EVERY FLOWER INSPIRES an emotion. Roses evoke romance, spring daffodils feel like a new beginning, end-of-summer chrysanthemums might trigger a touch of melancholy. And zinnias? Well, zinnias just make us happy, bobbing their brightly colored heads on the breeze from early summer to mid-autumn.
Growing in masses on their own or popping up among the perennials, zinnias sound a cheerful note anywhere they’re planted. “Their blooms are amazing,” says Jesse Darling, general manager of Jericho Nurseries in Albuquerque. “On top of that, they handle the sun in the southwest pretty well.”
While perennials bloom year after year, some only for a few days or a week, zinnias, like all annuals, must be replanted every year but bloom continuously, painting the garden with color all season long. They’re also good pollinators, attracting birds, butterflies and bees.
And oh, what color! Zinnias come in every shade of red from the palest pink to the deepest burgundy, as well as yellow, orange and lots of pretty hues in between. “Peach zinnias are a favorite among our customers,” Darling says. “Another is senorita, which is a salmon color.”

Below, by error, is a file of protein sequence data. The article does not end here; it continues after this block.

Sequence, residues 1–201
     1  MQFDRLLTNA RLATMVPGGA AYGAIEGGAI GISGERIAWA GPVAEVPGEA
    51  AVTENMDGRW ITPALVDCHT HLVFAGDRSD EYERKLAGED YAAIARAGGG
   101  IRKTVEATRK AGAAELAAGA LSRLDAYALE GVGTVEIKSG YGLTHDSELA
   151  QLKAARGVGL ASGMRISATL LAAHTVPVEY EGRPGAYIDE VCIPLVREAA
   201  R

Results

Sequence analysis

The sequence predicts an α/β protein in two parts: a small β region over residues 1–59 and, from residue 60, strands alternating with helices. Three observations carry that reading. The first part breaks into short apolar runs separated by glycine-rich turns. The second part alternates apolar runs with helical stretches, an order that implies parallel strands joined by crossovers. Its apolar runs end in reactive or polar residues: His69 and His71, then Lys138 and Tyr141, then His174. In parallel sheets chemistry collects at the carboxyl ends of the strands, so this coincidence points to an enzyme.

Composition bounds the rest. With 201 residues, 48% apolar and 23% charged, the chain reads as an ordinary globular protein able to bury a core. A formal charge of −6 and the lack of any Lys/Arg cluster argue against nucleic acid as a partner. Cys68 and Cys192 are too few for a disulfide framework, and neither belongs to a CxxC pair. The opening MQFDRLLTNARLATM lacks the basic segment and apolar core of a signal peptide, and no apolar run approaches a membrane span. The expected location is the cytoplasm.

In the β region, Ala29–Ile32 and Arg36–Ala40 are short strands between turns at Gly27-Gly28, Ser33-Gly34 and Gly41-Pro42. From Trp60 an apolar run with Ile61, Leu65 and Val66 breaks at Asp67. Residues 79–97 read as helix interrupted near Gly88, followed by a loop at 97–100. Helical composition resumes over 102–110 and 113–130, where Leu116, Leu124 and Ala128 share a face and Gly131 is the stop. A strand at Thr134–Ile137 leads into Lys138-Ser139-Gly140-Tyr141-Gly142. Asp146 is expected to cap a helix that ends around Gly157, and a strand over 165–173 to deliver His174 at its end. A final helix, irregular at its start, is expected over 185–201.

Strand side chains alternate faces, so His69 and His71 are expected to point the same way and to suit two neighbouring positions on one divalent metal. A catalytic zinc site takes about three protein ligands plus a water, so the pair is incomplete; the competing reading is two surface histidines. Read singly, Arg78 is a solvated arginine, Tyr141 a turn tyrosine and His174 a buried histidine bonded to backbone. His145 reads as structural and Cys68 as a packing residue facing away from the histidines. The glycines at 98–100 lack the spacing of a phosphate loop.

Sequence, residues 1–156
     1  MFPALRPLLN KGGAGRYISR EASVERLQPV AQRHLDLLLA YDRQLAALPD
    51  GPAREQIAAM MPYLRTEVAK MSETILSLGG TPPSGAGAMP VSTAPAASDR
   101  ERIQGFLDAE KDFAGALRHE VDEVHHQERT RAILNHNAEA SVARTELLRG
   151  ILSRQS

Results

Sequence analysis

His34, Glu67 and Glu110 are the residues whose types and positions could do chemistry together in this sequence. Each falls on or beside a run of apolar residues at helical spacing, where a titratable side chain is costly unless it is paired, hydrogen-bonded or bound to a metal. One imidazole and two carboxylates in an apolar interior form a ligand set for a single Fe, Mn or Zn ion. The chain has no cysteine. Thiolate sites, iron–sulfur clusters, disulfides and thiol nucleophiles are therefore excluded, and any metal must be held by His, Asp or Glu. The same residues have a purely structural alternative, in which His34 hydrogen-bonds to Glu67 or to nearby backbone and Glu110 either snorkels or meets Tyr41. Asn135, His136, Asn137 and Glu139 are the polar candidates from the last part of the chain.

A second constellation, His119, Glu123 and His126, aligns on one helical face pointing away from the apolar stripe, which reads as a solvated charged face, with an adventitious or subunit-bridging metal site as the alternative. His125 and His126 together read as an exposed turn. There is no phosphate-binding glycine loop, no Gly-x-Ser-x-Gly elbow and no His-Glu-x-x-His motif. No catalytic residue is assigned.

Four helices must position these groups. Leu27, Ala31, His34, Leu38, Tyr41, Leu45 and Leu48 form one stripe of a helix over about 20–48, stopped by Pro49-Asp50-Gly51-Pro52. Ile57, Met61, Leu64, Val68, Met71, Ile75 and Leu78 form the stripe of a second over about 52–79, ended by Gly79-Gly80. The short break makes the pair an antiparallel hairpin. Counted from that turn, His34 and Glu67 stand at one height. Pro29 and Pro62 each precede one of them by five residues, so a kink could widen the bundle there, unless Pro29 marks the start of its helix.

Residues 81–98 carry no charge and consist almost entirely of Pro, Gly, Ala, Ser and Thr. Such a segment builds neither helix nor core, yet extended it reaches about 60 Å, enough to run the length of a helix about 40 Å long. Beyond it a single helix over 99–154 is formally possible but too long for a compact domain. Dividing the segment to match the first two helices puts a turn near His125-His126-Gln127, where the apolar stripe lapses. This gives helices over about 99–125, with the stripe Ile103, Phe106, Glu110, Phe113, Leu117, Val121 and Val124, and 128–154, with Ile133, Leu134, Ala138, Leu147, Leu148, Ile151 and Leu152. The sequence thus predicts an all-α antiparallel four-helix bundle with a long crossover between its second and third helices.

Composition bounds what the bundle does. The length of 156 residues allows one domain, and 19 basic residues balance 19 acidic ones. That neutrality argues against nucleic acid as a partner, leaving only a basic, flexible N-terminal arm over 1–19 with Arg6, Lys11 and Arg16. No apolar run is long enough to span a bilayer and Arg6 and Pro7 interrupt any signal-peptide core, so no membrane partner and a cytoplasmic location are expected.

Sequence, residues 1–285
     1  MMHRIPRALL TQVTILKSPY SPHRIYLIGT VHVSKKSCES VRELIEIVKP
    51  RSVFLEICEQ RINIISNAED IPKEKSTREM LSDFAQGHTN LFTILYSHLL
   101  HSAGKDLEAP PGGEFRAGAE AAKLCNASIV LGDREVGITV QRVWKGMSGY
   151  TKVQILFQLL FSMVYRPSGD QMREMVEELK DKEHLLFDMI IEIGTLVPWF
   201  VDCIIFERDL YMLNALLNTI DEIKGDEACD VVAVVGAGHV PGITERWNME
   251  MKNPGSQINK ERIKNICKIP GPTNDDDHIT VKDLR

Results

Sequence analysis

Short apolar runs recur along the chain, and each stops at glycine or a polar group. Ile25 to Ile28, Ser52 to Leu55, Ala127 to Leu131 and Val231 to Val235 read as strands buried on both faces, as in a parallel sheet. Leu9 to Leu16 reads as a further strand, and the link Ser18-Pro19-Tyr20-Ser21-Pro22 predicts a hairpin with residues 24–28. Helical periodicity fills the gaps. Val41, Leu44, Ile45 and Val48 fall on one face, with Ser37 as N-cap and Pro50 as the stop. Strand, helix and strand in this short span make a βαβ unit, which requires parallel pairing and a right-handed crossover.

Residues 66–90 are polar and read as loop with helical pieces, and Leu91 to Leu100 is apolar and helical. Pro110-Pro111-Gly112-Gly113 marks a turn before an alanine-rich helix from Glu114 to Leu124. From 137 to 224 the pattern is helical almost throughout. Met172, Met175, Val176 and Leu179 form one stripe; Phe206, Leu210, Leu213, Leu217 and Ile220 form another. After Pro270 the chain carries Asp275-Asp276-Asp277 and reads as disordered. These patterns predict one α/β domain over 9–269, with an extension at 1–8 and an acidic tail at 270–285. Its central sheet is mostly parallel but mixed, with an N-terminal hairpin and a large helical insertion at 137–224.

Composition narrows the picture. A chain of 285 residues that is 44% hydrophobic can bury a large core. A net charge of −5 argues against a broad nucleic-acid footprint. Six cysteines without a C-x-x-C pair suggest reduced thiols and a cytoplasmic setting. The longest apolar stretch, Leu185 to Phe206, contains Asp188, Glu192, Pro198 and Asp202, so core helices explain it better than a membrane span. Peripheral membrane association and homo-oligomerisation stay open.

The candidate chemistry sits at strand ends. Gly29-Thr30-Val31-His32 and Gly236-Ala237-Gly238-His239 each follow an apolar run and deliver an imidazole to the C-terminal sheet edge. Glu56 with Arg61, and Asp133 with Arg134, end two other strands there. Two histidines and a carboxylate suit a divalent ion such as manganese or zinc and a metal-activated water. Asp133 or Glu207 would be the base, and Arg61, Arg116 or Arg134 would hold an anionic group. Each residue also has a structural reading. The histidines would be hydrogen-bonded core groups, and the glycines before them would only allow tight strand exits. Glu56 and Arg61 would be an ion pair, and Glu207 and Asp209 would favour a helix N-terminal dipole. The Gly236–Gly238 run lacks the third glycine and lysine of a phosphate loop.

His own favorite, he confesses, is green envy. “I’m a sucker for green flowers, because they’re unusual.”
Whether you sow seeds or use plants that have already been started at the nursery, wait until the danger of frost has passed, says Tom Jones, who goes by T.J. and is store manager at one of Payne’s Nursery’s two Santa Fe locations. “If you live in Albuquerque (zones 7a and 7b), that’s in April,” he says. “Here in Santa Fe (zone 6b), it’s more like mid-May.”
Check your soil before you plant. “If your soil is sandy, mix in some compost,” Darling advises, to help hold moisture.
Set seeds or plants 10 or 12 inches apart. “Zinnias need good air flow,” Darling explains. “If they’re too close together and it’s 95 degrees–plus, they’ll look like they’re melting no matter how much you water them.”
Jones advises watering early in the morning and avoiding getting the foliage wet. “Mildew can form if you water them at night,” he cautions.
Use a fertilizer that’s high in phosphorous to keep those blossoms coming, and, Jones says, deadhead—that is, cut off spent flowers—to encourage more flowers. “They should bloom all summer long,” he says.
As for where to plant them, it’s a matter of taste. “I like them all by themselves,” Jones says. “I might put some marigolds around them. Or I grow them in pots, so I can control the water better and move them around.”
Darling suggests mixing them with perennials. “They add a nice showiness to the perennial bed,” he says, and they make good companions for any number of perennials, including coneflower, salvias, yarrow and autumn sages.
Whatever varieties you choose, and wherever you plant them, vibrant zinnias will bring cheer all season long.